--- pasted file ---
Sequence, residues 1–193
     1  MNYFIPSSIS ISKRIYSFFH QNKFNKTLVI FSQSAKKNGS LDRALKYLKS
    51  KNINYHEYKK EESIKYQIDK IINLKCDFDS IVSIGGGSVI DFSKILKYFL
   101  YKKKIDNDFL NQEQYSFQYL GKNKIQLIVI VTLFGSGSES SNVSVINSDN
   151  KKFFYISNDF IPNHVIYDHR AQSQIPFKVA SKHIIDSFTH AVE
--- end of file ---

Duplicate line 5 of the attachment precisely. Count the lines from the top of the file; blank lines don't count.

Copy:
   151  KKFFYISNDF IPNHVIYDHR AQSQIPFKVA SKHIIDSFTH AVE